I recently moved from Ubuntu Linux on a Dell Inspiron to Mac OS X on a MacBook. Interestingly, the day before I made my purchase, Tim O’Reilly observed that a few long-time Mac-using programers had recently moved from Mac OS X to Ubuntu Linux. Because I was about to make the swich the other way, I posted the following reponse on O’Reilly’s blog:
Tim, I think your radar sense is on to something again. However, I’d like to offer myself as a counter example in that I am moving from Ubuntu to OS X this weekend when I purchase a MacBook.Ubuntu has impressed me as the most polished and feature-rich Linux distro I’ve used so far (among SUSE, Fedora, Debian, and Mandriva). I love that it improves on the robust Debian distro, offering fast development releases and an emphasis on usability. Ubuntu has improved a great deal in just its first two years of existence, and I fully expect alpha geeks and savvy tech users to adopt Ubuntu in favor of Mac OS X in the future. However, there are still several limitations to Ubuntu and Linux in general that are prompting me to move to OS X.
First, I find that Linux still requires a large degree of administration to work properly. I use several applications that require a kernel recompile every time a new version of the Linux kernel is released. Although I like the freedom of compiling my own kernel, the necessity of compiling the kernel in order to use the applications I need can be very frustrating.
Second, Linux lags behind Mac OS X and Windows in multimedia. Great strides have been made in recent years, but managing multimedia content is still difficult. Video editing and DVD authoring are especially salient sore points. Aside from the newly released Picasa for Linux, even managing photo albums is not as simple as it should be. Further, although Linux is so far DRM-free, this also means that Linux is shutout from online media content vendors such as iTunes and other music download services, and Warner Bros, Vongo, and others’ new movie download services.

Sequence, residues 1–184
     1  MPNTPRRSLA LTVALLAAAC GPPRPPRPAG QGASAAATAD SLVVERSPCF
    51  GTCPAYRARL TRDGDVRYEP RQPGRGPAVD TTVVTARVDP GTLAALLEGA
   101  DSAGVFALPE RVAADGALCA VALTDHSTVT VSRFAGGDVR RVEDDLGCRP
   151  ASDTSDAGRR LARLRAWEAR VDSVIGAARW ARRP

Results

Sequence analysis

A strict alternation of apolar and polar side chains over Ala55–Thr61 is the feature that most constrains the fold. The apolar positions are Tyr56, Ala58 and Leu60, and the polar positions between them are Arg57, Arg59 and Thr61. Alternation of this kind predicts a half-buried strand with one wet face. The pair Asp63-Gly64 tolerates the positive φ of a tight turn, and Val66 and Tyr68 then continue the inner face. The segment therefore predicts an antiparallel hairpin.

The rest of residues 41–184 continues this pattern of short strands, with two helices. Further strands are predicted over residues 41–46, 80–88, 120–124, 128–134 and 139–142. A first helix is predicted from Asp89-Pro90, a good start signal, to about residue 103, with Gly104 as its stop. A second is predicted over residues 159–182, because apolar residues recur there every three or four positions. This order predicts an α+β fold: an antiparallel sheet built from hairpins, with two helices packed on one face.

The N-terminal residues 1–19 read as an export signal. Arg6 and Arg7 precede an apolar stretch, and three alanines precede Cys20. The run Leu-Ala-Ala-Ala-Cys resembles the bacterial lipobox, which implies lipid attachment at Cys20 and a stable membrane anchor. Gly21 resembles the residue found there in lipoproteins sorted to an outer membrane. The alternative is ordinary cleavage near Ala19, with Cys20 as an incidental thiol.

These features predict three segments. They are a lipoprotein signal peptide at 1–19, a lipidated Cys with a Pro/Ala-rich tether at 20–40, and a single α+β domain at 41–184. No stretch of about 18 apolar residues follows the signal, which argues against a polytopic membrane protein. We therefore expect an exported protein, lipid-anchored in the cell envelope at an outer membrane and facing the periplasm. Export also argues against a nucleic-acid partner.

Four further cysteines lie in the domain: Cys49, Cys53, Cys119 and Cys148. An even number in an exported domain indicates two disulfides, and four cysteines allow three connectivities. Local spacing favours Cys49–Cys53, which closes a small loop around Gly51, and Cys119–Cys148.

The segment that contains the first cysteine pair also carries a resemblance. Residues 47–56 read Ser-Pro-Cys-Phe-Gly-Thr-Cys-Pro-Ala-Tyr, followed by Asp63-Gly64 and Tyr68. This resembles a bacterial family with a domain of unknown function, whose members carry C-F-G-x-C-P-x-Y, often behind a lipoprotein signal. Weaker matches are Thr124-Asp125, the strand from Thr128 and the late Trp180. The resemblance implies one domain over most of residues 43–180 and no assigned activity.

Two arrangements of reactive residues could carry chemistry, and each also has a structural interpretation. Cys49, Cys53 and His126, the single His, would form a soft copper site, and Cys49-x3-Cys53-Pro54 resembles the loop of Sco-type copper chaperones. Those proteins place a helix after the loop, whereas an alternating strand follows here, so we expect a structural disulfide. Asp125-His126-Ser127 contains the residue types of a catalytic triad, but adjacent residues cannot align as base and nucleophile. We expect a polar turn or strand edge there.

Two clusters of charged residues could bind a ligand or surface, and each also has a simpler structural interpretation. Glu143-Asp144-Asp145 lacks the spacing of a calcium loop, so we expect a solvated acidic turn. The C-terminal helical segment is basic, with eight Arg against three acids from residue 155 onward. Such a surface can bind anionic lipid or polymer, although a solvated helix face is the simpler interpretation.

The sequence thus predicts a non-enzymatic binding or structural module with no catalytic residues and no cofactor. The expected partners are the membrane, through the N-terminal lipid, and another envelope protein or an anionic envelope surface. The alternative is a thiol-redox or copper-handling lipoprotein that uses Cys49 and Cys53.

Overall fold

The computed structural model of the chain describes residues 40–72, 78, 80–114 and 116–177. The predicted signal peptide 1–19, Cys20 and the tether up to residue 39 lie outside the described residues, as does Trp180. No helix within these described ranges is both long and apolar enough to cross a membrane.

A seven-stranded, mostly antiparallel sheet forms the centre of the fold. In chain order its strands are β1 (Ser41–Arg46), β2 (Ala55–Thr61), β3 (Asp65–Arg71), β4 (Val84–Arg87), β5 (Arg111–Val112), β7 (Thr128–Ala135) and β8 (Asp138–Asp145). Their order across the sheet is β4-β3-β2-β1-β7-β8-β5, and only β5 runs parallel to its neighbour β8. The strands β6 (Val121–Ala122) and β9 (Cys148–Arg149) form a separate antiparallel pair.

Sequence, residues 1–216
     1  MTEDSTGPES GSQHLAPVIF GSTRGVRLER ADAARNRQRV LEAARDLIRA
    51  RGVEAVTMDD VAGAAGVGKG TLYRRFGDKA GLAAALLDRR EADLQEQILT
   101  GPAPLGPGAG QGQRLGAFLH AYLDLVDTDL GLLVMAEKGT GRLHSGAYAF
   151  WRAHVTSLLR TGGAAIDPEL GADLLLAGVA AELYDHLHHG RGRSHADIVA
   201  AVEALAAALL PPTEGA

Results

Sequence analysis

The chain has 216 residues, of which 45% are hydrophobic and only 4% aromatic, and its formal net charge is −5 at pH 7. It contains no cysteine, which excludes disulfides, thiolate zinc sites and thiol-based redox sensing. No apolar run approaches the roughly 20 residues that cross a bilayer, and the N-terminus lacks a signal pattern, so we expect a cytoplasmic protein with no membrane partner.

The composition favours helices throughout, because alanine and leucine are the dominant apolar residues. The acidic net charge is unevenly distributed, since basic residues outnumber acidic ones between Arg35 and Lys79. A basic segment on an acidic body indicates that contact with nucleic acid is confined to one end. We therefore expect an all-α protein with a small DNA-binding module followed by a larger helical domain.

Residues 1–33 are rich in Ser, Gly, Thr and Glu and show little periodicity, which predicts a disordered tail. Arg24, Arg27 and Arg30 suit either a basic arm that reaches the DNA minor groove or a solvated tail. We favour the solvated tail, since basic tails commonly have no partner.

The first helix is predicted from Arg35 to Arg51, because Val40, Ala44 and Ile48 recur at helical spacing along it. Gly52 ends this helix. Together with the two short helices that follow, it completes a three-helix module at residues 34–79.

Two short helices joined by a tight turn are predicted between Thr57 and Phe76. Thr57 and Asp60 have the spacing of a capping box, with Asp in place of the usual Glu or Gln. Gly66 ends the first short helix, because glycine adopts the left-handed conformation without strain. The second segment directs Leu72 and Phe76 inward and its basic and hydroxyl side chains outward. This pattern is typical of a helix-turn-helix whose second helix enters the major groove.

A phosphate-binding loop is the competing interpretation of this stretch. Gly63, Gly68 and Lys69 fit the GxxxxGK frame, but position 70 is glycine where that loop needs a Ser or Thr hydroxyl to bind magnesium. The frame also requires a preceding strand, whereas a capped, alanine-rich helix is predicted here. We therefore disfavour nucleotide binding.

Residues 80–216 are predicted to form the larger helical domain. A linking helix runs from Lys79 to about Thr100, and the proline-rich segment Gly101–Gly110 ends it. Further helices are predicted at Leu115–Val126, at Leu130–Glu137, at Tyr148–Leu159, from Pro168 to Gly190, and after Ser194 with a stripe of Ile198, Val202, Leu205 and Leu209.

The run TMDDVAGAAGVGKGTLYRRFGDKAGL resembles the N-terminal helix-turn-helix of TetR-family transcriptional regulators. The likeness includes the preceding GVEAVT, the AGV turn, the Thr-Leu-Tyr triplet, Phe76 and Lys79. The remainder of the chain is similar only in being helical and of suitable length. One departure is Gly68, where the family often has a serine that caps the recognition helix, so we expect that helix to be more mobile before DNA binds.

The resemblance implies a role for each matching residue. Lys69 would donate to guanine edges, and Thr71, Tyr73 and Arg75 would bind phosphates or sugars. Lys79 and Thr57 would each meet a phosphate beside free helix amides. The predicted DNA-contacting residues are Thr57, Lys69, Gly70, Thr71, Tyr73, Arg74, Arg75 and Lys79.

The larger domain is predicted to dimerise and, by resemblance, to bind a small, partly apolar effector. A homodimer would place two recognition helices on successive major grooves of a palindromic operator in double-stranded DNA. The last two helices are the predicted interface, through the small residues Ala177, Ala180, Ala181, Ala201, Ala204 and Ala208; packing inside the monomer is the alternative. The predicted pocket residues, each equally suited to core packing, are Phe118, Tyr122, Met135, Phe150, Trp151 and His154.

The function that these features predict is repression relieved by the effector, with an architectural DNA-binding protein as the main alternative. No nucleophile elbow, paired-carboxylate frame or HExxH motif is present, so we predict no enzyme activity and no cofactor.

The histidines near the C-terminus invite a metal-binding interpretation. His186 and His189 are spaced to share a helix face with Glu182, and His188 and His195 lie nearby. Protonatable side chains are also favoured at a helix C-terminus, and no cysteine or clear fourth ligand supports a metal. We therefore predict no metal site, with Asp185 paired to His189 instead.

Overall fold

Third, although software integration has improved, the large majority of software for Linux continues to feel disjointed and fragmentary when taken as a whole. Most applications don’t interoperate well with others. Simple things like dragging an image from a web page to an office document don’t work. As a result, the Linux desktop is a patchwork of powerful individual applications that never quite coordinate well enough to provide a satisfying user experience.
Fourth, neither Gnome nor KDE are as usable or as graphically appealing as Mac OS X or even Windows. I recognize that UI aesthetics and usability are not important for everyone, but I along with others note that the Linux UI is in many ways inferior to that of Windows XP, much less Vista or Mac OS X. Yes, XGL is becoming widely available, but XGL strikes me as a 3D-rendering novelty without good underlying usability justification.
I could list more complaints and others could doubtlessly add their own Linux quibbles as well. In sum, although I expect Ubuntu in time to become the power user’s distro of choice, Mac OS X still remains an unparalleled combination of UNIX and polished user experience.